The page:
Chuckatuck Creek's next investment will probably a used John Deere on-board picker that builds round cotton modules and covers them in plastic, ready for the gin operators to pick up before dropping them in the field, a Barlow said. The price tag for that new picker ranges around $600,000 but alleviates the need for the boll buggy and module builder.
Research and technology
Both the Olivers and the Barlows have bookmarked several websites on their smart phones, including commodity market reports that show the selling price of cotton. Jimmy Oliver says it allows him to monitor the markets several times a day, while sitting on the tractor, cutting grass or on the road.
"In a heartbeat, something big can happen in the world that affects commodity prices," Oliver said. "This keeps us informed up to the minute."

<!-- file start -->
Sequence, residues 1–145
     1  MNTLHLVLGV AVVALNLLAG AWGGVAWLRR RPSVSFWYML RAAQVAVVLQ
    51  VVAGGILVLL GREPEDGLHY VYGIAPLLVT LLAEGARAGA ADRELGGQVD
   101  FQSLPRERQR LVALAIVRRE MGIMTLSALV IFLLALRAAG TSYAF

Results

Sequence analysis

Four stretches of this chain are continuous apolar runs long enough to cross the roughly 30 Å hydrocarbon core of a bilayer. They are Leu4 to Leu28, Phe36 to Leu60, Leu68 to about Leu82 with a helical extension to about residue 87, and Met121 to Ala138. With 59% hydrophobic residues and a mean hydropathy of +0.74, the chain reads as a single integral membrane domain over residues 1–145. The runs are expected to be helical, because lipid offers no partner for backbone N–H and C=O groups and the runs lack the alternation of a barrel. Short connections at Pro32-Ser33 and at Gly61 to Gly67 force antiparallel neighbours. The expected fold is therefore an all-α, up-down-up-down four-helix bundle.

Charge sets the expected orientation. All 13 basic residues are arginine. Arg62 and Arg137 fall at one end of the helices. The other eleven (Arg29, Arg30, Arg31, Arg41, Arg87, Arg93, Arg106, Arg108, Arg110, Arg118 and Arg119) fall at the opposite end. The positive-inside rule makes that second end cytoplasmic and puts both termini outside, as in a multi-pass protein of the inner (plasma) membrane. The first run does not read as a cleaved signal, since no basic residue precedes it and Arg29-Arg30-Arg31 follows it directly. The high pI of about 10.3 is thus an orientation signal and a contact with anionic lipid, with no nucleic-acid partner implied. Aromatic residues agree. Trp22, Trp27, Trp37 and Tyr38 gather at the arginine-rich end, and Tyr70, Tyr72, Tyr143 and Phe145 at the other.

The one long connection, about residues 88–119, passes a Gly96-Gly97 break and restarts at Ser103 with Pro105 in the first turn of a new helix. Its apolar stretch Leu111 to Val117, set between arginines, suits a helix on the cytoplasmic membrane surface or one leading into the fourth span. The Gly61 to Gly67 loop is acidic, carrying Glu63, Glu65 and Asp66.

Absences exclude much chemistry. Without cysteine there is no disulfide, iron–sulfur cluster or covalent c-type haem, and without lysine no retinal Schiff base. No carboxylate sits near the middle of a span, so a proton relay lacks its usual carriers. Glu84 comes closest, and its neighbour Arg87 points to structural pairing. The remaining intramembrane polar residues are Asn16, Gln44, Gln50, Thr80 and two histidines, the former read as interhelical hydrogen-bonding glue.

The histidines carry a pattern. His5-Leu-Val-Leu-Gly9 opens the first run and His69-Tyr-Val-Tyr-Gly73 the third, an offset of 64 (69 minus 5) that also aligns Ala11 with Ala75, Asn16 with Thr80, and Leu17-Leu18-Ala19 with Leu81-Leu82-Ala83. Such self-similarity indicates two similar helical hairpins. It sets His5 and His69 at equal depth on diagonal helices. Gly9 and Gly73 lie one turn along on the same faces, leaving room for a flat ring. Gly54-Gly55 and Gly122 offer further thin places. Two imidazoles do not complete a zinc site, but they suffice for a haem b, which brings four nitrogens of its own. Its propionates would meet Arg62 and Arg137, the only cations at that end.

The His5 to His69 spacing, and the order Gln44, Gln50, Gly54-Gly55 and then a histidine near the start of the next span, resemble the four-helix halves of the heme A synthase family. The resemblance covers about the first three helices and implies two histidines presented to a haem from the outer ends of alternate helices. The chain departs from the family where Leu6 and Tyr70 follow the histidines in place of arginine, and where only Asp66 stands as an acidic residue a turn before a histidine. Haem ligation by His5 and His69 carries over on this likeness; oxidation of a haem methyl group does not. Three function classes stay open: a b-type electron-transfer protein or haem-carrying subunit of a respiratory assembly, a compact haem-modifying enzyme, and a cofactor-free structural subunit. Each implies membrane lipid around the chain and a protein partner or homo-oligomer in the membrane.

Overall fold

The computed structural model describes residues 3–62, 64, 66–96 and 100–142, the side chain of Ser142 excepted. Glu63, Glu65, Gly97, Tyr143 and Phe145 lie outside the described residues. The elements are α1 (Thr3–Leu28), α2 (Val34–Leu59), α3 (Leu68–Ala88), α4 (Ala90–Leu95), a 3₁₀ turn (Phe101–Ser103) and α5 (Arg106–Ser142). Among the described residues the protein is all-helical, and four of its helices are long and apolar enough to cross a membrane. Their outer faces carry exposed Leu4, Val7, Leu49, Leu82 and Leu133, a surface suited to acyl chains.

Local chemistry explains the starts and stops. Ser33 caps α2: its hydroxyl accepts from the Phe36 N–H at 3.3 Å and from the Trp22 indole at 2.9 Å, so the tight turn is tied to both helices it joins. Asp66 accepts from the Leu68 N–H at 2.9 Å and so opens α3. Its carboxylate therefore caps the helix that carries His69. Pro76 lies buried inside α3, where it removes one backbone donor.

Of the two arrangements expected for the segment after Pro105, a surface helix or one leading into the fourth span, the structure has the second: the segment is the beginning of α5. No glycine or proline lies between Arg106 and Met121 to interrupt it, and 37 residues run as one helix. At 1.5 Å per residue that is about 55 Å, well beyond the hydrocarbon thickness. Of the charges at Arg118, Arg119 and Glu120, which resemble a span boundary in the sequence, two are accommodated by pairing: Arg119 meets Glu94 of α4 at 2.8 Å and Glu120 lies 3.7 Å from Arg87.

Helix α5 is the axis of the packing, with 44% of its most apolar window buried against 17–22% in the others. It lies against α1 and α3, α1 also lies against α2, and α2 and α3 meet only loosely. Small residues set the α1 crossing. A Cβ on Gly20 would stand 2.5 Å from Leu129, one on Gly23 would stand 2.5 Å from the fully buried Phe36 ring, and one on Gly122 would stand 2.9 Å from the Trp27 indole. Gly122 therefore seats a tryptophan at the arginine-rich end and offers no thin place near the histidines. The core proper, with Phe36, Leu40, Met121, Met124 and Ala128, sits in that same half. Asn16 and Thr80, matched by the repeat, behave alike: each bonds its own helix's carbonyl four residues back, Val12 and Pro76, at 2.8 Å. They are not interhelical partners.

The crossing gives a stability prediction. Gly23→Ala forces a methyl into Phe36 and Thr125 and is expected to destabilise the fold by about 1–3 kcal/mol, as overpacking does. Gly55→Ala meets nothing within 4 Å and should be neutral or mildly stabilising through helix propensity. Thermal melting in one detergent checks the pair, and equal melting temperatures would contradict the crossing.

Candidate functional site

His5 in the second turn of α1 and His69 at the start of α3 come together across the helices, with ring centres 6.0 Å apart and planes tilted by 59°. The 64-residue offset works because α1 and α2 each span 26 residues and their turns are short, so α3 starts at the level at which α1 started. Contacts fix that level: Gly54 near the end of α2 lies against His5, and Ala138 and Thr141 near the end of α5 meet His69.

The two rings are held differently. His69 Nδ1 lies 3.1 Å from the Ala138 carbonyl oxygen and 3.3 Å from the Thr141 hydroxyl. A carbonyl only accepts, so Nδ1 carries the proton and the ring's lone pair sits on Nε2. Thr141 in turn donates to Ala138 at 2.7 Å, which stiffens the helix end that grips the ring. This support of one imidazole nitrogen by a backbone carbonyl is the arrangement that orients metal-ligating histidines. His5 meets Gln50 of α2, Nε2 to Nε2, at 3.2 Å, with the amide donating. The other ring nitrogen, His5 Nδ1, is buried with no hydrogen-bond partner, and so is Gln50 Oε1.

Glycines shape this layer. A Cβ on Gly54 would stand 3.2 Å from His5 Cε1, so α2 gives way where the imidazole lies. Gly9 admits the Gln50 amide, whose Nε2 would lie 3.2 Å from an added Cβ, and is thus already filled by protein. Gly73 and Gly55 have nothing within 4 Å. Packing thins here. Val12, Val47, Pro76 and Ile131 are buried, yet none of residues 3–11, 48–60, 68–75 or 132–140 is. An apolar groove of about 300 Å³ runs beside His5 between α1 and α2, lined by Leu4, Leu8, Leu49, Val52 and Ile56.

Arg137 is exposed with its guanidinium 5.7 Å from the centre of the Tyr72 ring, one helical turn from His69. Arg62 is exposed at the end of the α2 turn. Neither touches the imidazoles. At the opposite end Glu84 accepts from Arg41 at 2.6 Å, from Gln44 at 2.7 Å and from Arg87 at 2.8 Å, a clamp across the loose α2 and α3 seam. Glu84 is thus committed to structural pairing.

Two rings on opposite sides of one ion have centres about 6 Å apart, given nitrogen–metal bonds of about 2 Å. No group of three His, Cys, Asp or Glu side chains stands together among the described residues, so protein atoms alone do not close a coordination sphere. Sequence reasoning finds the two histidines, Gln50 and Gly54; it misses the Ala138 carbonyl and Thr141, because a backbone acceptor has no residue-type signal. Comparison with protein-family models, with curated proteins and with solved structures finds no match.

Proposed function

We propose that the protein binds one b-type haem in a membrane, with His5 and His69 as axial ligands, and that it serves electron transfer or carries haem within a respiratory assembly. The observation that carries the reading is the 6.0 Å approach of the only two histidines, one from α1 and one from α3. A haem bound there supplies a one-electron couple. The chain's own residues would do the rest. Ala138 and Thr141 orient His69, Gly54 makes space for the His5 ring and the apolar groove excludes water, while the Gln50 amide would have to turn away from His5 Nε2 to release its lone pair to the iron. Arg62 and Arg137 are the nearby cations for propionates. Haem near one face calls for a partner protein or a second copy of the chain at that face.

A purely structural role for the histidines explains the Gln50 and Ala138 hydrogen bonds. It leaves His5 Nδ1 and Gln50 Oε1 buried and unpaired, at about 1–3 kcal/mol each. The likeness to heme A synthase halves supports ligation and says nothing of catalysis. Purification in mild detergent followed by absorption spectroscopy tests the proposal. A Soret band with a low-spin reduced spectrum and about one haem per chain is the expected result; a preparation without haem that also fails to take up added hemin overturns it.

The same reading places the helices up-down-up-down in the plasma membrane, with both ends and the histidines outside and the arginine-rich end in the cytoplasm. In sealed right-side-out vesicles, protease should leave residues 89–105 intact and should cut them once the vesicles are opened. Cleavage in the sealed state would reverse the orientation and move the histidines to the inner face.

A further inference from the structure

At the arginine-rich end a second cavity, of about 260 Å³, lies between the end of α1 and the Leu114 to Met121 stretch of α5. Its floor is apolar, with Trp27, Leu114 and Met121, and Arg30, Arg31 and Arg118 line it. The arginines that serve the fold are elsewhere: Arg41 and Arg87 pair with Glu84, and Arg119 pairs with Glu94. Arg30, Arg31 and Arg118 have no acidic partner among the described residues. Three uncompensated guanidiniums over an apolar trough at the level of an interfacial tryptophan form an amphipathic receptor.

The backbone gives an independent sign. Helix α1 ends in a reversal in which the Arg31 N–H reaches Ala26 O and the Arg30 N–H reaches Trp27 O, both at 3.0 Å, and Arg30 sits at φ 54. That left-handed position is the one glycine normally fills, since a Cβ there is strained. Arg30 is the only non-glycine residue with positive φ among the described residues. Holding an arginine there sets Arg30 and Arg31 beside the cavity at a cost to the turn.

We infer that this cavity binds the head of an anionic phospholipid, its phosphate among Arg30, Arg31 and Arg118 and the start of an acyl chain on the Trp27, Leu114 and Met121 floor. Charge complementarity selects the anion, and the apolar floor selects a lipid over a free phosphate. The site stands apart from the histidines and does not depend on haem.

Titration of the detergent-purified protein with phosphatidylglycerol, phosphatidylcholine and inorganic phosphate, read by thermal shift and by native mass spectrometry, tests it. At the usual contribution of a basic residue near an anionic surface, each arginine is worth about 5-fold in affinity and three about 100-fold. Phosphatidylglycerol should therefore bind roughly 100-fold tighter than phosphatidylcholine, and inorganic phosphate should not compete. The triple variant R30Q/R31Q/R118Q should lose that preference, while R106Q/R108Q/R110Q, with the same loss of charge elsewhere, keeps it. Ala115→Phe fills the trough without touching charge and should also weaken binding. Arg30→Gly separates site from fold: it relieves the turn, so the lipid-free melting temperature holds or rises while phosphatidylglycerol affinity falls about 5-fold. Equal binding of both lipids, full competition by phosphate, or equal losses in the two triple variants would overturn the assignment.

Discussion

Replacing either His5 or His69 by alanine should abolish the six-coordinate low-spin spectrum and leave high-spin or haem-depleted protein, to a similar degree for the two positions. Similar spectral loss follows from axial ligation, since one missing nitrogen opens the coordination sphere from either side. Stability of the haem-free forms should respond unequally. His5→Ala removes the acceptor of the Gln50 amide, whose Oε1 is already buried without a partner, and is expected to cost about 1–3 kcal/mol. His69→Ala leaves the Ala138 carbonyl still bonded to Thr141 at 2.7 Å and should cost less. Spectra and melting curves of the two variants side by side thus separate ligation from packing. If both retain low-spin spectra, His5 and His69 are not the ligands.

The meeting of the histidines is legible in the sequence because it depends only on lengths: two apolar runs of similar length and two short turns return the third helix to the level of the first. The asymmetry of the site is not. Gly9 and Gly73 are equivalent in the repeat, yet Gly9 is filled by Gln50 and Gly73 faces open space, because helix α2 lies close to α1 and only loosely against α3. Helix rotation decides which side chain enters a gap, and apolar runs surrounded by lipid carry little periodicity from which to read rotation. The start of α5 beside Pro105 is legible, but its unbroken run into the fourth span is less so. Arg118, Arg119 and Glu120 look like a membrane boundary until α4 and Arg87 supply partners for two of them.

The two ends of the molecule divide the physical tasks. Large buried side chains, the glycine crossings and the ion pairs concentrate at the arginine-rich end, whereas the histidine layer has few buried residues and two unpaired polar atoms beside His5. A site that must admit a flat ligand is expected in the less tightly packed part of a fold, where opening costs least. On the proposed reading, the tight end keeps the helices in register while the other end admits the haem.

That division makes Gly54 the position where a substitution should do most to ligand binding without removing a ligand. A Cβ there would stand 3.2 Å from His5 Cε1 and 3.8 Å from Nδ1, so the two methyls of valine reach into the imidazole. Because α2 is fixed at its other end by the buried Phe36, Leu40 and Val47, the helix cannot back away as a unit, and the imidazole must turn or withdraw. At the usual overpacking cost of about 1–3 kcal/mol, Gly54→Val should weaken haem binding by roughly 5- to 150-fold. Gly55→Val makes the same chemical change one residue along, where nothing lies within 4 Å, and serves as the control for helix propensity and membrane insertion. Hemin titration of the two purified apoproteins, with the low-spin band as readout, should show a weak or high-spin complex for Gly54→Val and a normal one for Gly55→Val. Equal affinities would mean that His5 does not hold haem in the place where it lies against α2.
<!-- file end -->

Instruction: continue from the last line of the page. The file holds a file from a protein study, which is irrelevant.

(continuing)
Farmers are also using more technology-driven resources in the field, including global positioning systems (GPS) on planters and precision-based agriculture that allows only the precise amount of essential nutrients and chemicals to be dispersed on fields, Barlow said.
Cotton farmers depend heavily upon the expertise from Virginia Tech's Tidewater Agriculture Research and Extension Center in Suffolk, said Shelley Barlow. Every year, researchers plant several acres of new seed varieties to determine what produces best in the region and the most effective, environmentally friendly way of dealing with pests.
"That way, we don't have to be the guinea pigs for seed companies," said Joseph Barlow. "It's also important that the information is unbiased, coming from a neutral third-party source rather that a seed company."
From Seed to Harvest
About the series:
Today: The trials and tribulations of two farm families throughout a growing season.
Monday, Day 2: The financial impact of cotton in Virginia and throughout the United States.
Tuesday, Day 3: After the harvest comes the ginning.
To see related videos and read the complete From Seed to Harvest series, go to http://www.dailypress.com.Copyright © 2014, Los Angeles Times